RealTimeCollisionDetection-Ch4partial

RealTimeCollisionDetection-Ch4partial - Chapter 4 Bounding...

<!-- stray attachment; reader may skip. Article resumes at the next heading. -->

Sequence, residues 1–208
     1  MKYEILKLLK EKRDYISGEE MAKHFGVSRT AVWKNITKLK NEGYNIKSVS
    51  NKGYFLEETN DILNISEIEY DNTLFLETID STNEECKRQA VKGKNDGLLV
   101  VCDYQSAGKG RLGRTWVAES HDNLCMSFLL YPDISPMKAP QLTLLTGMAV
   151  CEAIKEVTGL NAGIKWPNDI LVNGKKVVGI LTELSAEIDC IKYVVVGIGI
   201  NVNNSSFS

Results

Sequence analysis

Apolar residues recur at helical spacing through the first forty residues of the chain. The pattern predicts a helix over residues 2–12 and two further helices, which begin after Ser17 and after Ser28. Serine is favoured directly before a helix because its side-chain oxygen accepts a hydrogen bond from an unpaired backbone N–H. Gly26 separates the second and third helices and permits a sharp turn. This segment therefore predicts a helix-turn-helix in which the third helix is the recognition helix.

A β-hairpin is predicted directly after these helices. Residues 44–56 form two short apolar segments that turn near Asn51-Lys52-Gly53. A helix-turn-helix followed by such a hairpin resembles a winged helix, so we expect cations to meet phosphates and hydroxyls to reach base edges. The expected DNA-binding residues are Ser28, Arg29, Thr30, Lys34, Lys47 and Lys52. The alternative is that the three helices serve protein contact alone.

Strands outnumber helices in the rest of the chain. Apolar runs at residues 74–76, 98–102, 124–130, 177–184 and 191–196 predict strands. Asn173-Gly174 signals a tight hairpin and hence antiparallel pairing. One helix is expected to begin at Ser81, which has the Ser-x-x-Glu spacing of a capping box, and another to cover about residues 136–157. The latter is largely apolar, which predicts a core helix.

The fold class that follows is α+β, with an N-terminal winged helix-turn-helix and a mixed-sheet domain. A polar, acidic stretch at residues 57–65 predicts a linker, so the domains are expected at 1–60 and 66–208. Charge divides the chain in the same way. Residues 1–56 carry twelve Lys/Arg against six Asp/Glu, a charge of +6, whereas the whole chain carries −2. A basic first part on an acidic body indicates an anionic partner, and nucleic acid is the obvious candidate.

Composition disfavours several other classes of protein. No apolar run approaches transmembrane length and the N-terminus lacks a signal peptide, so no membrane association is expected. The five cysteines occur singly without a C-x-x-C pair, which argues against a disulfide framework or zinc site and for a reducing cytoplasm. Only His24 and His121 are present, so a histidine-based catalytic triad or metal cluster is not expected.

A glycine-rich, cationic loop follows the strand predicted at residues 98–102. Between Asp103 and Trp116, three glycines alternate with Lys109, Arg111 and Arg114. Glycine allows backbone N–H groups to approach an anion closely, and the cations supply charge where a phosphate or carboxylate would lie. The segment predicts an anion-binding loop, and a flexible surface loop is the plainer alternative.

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Unformatted text preview: Chapter 4 Bounding Volumes Directly testing the geometry of two objects for collision against each other is often very expensive, especially when objects consist of hundreds or even thousands of polygons. To minimize this cost, object bounding volumes are usually tested for overlap before the geometry intersection test is performed. A bounding volume (BV) is a single simple volume encapsulating one or more objects of more complex nature. The idea is for the simpler volumes (such as boxes and spheres) to have cheaper overlap tests than the complex objects they bound. Using bounding volumes allows for fast overlap rejection tests because one need only test against the complex bounded geometry when the initial overlap query for the bounding volumes gives a positive result (Figure 4.1). Of course, when the objects really do overlap, this additional test results in an increase in computation time. However, in most situations few objects are typically close enough for their bounding volumes to overlap. Therefore, the use of bounding volumes generally results in a significant performance gain, and the elimination of complex objects from further tests well justifies the small additional cost associated with the bounding volume test. For some applications, the bounding volume intersection test itself serves as a sufficient proof of collision. Where it does not, it is still generally worthwhile pruning the contained objects so as to limit further tests to the polygons contained in the overlap of the bounding volumes. Testing the polygons of an object A against the polygons of an object B typically has an 0(112) complexity. Therefore, if the number of polygons to be tested can be, say, cut in half, the workload will be reduced by 75%. Chapter 6, on bounding volume hierarchies, provides more detail on how to prune object and polygon testing to a minimum. In this chapter, the discussion is limited to tests of pairs of bounding volumes. Furthermore, the tests presented here are primarily homogeneous in that bounding volumes of the same type are tested against each other. It is not uncommon, however, to use several types of bounding volumes at the same time. Several nonhomogeneous BV intersection tests are discussed in the next chapter. 75 76 Chapter4 BoundingVolumes Figure 4.1 The bounding volumes of A and B do not overlap, and thus A and B cannot be intersecting. Intersection between C and D cannot be ruled out because their bounding volumes overlap. Many geometrical shapes have been suggested as bounding boxes. This chapter concentrates on the shapes most commonly used; namely, spheres, boxes, and convex hull—like volumes. Pointers to a few less common bounding volumes are provided in Section 4.7. Desirable BV Characteristics Not all geometric objects serve as effective bounding volumes. Desirable properties for bounding volumes include: 0 Inexpensive intersection tests 0 Tight fitting 0 Inexpensive to compute 0 Easy to rotate and transform 0 Use little memory The key idea behind bounding volumes is to precede expensive geometric tests with less expensive tests that allow the test to exit early, a so—called ”early out.”To support inexpensive overlap tests, the boundingvolume must have a simple geomet— ric shape. At the same time, to make the early—out test as effective as possible the bounding volume should also be as tight fitting as possible, resulting in a trade—off between tightness and intersection test cost. The intersection test does not necessarily just cover comparison against volumes of the same type, but might also test against other types of bounding volumes. Additionally, testing may include queries such as __7 fi 4.2 Axis—aligned Bounding Boxes (AABBS) 77 BETTER BOUND, BETTER CULLING FASTER TEST, LESS MEMORY “annot SPHERE AABB 8-DOP CONV EX HULL inding Figure 4.2 Types of bounding volumes: sphere, axis-aligned bounding box (AABB), oriented bounding box (088), eightdirection discrete orientation polytope (8—DOP), and convex hull. napter . . . . . . . . . :onv ex pornt inclus1on, ray intersection With the volume, and intersection With planes and ded in _ polygons. Bounding volumes are typically computed in a preprocessing step rather than at runtime. Even so, it is important that their construction does not negatively affect resource build times. Some boundingvolumes, however, must be realigned at runtime i when their contained objects move. For these, if the bounding volume is expensive 3 to compute realigning the bounding volume is preferable (cheaper) to recomputing it from scratch. _ Because bounding volumes are stored in addition to the geometry, they should perties ideally add little extra memory to the geometry. Simpler geometric shapes require less memory space. As many of the desired properties are largely mutually exclusive, no specific bounding volume is the best choice for all situations. Instead, the best option is to test a few different bounding volumes to determine the one most appropriate ; ‘ for a given application. Figure 4.2 illustrates some of the trade—offs among five of i ] the most common bounding volume types. The given ordering with respect to better l bounds, better culling, faster tests, and less memory should be seen as a rough, rather S than an absolute, guide. The first of the bounding volumes covered in this chapter is the axis—aligned bounding box, described in the next section. ic tests _ _ . i ll rut/’To 4.2 AXIS-aligned Bounding Boxes (AABBs) i 1; zomet— Ii ble the The axis~aligned bounding box (AABB) is one of the most common bounding volumes. ii (i ide_0ff It is a rectangular six—sided box (in 3D, four—sided in 2D) categorized by having its ii i assarily faces oriented in such a way that its face normals are at all times parallel with the il against axes of the given coordinate system. The best feature of the AABB is its fast overlap “' such as _ check, which simply involves direct comparison of individual coordinate values. ‘j 78 Chapter4 BaimdingVolumes (a) (b) (C) Figure 4.3 The three common AABB representations: (a) min-max, (b) min-widths, and (c) center—radius. There are three common representations for AABBs (Figure 4.3). One is by the minimum and maximum coordinate values along each axis: // region R = {(X, y, z) ! min.x<=x<=mux.x, min.y<=y<=max.y, min.z<=z<=max.z } struct AABB { Point min; Point max; This representation specifies the EV region of space as that between the two oppos~ ing corner points: min and max. Another representation is as the minimum corner point min and the width or diameter extents dx, tit, and dz from this corner: // region R = {(X, y, z) tmin.x<=x<=min.x+dx, min.y<=y<=min.y+dy, min.z<=z<=min.z+dz} struct AABB { Point min; float d[3]; // diameter or width extents (dx, dy, dz) The last representation specifies the AABB as a center point C and halfwidth extents or radii 1m, 1y, and rz along its axes: // region R = {(x, y, z) } lc.x—Xi<=rx, lc.y—yt<=ry, |c.z—zi<=rz } struct AABB { Point c; // center point of AABB float r[3]; // radius or halfwidth extents (rx, ry, rz) l5, and by the DPPOS— corner .z+dz} lfwidth 4.2 Axis—aligned Bounding Boxes (AABBs) 79 In terms of storage requirements, the center—radius representation is the most efficient, as the halfwidth values can often be stored in fewer bits than the center position values. The same is true of the width values of the min—width representation, although to a slightly lesser degree. Worst is the min—max representation, in which all six values have to be stored at the same precision. Reducing storage requires representing the AABB using integers, and not floats, as used here. If the Object moves by translation only, updating the latter two representations is cheaper than the min—max representation because only three of the six parameters have to be updated. A useful feature of the center—radius representation is that it can be tested as a bounding sphere as well. 4.2.1 AABB-AABB Intersection Overlap tests between AABBs are straightforward, regardless of representation. Two AABBs only overlap if they overlap on all three axes, where their extent along each dimension is seen as an interval on the corresponding axis. For the min—max representation, this interval overlap test becomes: int TestAABBAABB(AABB a, AABB b) { // Exit with no intersection if separated along an axis if (a.max[0] < b.min[0] [I a.m1'n[0] > b.max[0]) return 0; if (a.max[1] < b.min[1] H a.m1'n[1] > b.max[1]) return 0; if (a.max[2] < b.min[2] H a.m1'n[2] > b.max[2]) return 0; // Overlapping on all axes means AABBs are intersecting return 1; } The min—width representation is the least appealing. Its overlap test, even when written in an economical way, still does not compare with the first test in terms of number of operations performed: int TestAABBAABB(AABB a, AABB b) { float t; if ((t = a.min[0] - b.min[0]) > b.d[0] [I -t > a.d[0]) return 0; if ((t = a.m1'n[1] - b.min[1]) > b.d[1] [I —t > a.d[1]) return 0; if ((t = a.m1'n[2] - b.min[2]) > b.d[2] H -t > a.d[2]) return 0; return 1; Chapter 4 Bounding Volumes Finally, the center—radius representation results in the following overlap test: int TestAABBAABB(AABB a, AABB b) { , if (Abs(a.c[0] - b.c[0]) > (a.r[0] + b.r[0])) return 0; if (Abs(a.c[1] - b.c[1]) > (a.r[1] + b.r[1])) return 0; if (Abs(a.c[2] - b.c[2]) > (a.r[2] + b.r[2])) return 0; return 1; } On modern architectures, the Abs() call typically translates into just a single instruction. If not, the function can be effectively implemented by simply stripping the sign bit of the binary representation of the floating—point value. When the AABB fields are declared as integers instead of floats, an alternative test for the center— radius representation can be performed as follows. Mth integers, overlap between two ranges [A, B] and [C, D] can be determined by the expression overlap = (unsigned int) (B - C) <= (8 - A) + (D - C); By forcing an unsigned underflow in the case when C > B, the left—hand side becomes an impossibly large value, rendering the expression false. The forced over— flow effectively serves to replace the absolute value function call and allows the center—radius representation test to be written as: int TestAABBAABB(AABB a, AABB b) { int r; r = a.r[0] + b.r[0]; if ((unsigned int) (a.c[0] - b.c[O] + r) > r + r) return 0; r = a.r[1] + b.r[1]; if ((unsigned int) (a.c[1] - b.c[l] + r) > r + r) return 0; r = a.r[2] + b.r[2]; if ((unsigned int) (a.c[2] - b.c[z] + r) > r + r) return 0; return 1; > Working in integers allows other implementational tricks, many of which are archi— tecture dependent. SIMD instructions, if present, typically allow AABB tests to be implemented in just a few instructions worth of code (examples of which are found in Chapter 13). Finally, in a collision detection system that has to perform a mas— sive number of overlap tests it may be worthwhile ordering the tests according to the likelihood of their being taken. For instance, if operations largely take place in an almost flat xz plane the y—coordinate test should be performed last, as it is least discriminatory. WMMMWMWWWWMMMMM single pping AABB enter— tween ld side 1 over— NS the ‘n 0; *n 0; ‘n 0; e archi— ts to be 3 found a mas— ‘ding to place in is least 4.2.2 4.2 Axis—aligned Bounding Boxes (AABBS) 81 (b) (C) Figure 4.4 (a) AABBs A and B in world space. (b) The AABBs in the local space ofA. (c) The AABBS in the local space of B. Computing and Updating AABBs Bounding volumes are usually specified in the local model space of the objects they bound (which may be world space). To perform an overlap querybetween two bound— ing volumes, the volumes must be transformed into a common coordinate system. The choice stands between transforming both bounding volumes into world space and transforming one bounding volume into the local space of the other. One benefit of transforming into local space is that it results in having to perform half the work of transformation into world space. It also often results in a tighter bounding volume than does transformation into world space. Figure 4.4 illustrates the concept. The recalculated AABBs of objects A and B overlap in world space (Figure 4.4a). However, in the space of object B, the objects are found to be separated (Figure 4.4c). Accuracy is another compelling reason for transforming one bounding volume into the local space of the other. A world space test may move both objects far away from the origin. The act of adding in the translation during transformation of the local near—origin coordinates of the bounding volume can force many (or even all) bits of precision of the original values to be lost. For local space tests, the objects are kept near the origin and accuracy is maintained in the calculations. Note, however, that by adjusting the translations so that the transformed objects are centered on the origin world space transformations can be made to maintain accuracy as well. Transformation into world space becomes interesting when updated bounding volumes can be temporarily cached for the duration of a time step. By caching a bounding volume after transformation, any bounding volume has to be transformed just once into any given space. As all bounding volumes are transformed into the same space when transforming into world space, this becomes a win in situations in which objects are being checked for overlap multiple times. In contrast, caching updated bounding volumes does not help at all when transforming into the local space of other bounding volumes, as all transformations involve either new objects 82 Chapter4 Boundingiblumes or new target coordinate systems. Caching of updated bounding volumes has the drawback of nearly doubling the required storage space, as most fields of a bounding volume representation are changed during an update. Some bounding volumes, such as spheres or convex hulls, naturally trans~ form into any coordinate system, as they are not restricted to specific orientations. Consequently, they are called nonaligned or (freely) oriented bounding volumes. In contrast, aligned bounding volumes (such as AABBs) are restricted in what ori— entations they can assume. The aligned bounding volumes must be realigned as they become unaligned due to object rotation during motion. For updating or reconstructing the AABB, there are four common strategies: 0 Utilizing a fixed—size loose AABB that always encloses the object 0 Computing a tight dynamic reconstruction from the original point set 0 Computing a tight dynamic reconstruction using hill climbing 0 Computing an approximate dynamic reconstruction from the rotated AABB The next four sections cover these approaches in more detail. 4.2.3 AABB from the Object Bounding Sphere The first method completely circumvents the need to reshape the AABB by making it large enough to contain the object at any orientation. This fixed~size encompassing AABB is computed as the bounding box of the bounding sphere of the contained object A. The bounding sphere, in turn, is centered in the pivot point P that A rotates about. Its radius r is the distance to the farthest object vertex from this center (as illustrated in Figure 4.5). By making sure the object pivot P lies in the center of the object, the sphere radius is minimized. The benefit of this representation is that during update this AABB simply need be translated (by the same translation applied to the bounded object), and any object rotation can be completely ignored. However, the bounding sphere itself (which has a better sound than the AABB) would also have this property. Thus, bounding spheres should be considered a potential better choice of bounding volume in this case. 4.2.4 AABB Reconstructed from Original Point Set The update strategy described in this section (as well as the remaining two update strategies to be described) dynamically resizes the AABB as it is being realigned with the coordinate system axes. For a tightly fitted bounding box, the underlying geometry of the bounded object is examined and the box bounds are established by finding the extreme vertices in all six directions of the coordinate axes. The straightforward approach loops through all vertices, keeping track of the vertex most distant along has the )unding trans— ttations. 'olumes. rhat ori— gned as ating or ArABB making it npassing ontained A rotates enter (as :er of the I need be ny object Ithh has g spheres case. r0 update ,rned with geometry ty finding itforwarcl ant along 4.2 Axis—aligned Bounding Boxes (AABBS) 83 Figure 4.5 AABB of the bounding sphere that fully contains object A under an arbitrary orientation. the direction vector. This distance can be computed through the projection of the vertex vector onto the direction vector. For comparison reasons, it is not necessary to normalize the direction vector. This procedure is illustrated in the following code, which finds both the least and most distant points along a direction vector: // Returns indices imin and imax into pt array of the least and // most, respectively, distant points along the direction dir void ExtremePointsAlongDirection(Vector dir, Point pt, int n, int *imin, int *imax) { float minproj = FLT_MAX, maxproj = -FLT_MAX; for (int i = O; i < n; i++) { // Project vector from origin to point onto direction vector float proj = Dot(pt[i], dir); // Keep track of least distant point along direction vector if (proj < minproj) { minproj = proj; L ‘*'im1'n = 1'; } // keep track of most distant point along direction vector if (proj > maxproj) { maxprdj = proj; *imax = i; 84 Chapter4 Boundingiblumes Figure 4.6 When computing a tight AABB, only the highlighted vertices that lie on the convex hull of the object must be considered. When n is large, this C(71) procedure can be expensive if performed at runtime. Preprocessing of the vertex data can serve to speed up the process. One simple approach that adds no extra data is based on the fact that only the vertices on the convex hull of the object can contribute to determining the bounding volume shape (Figure 4.6). In the preprocessing step, all k vertices on the convex hull of the object would be stored so that they come before all remaining vertices. Then, a tight AABB could be constructed by examining these It first vertices only. For general concave volumes this would be a win, but a convex volume, which already has all of its vertices on its convex hull, would see no improvement. By use of additional, dedicated, precomputed search structures, locating extremal vertices can be performed in O(logn) time. For instance, the Dobkin—Kirkpatrick hierarchy (described in Chapter 9) can be used for this purpose. However, due to the extra memory required by these structures, as well as the overhead in traversing them, they have to be considered overkill in most circumstances. Certainly if tight bounding volumes are that important, tighter bounding volumes than AABBs should be considered. AABB from Hill-climbing Vertices of the Object Representation Another way to speed up the AABB realignment process is to use an object rep~ resentation in which neighboring vertices of a vertex can be found quickly. Such a representation allows the extreme vertices that define the new AABB to be located through simple hill climbing (Figure 4.7). 9 on the untime. simple l on the e shape e object it AABB concave ill of its :xtremal kpatrick , due to aversing I if tight 5 should iect rep— n Such a 2 located 4.2 Axis—aligned Bounding Boxes (AABBs) 85 (a) (b) Figure 4.7 (a) The extreme vertex E in direction d. (b) After object rotates counterclockwise, the new extreme vertex E’ in direction d can be obtained by hill climbing along the vertex path highlighted in gray. Instead of keeping track of the minimum and maximum extent values along each axis, six vertex pointers are maintained. Corresponding to the same values as befo...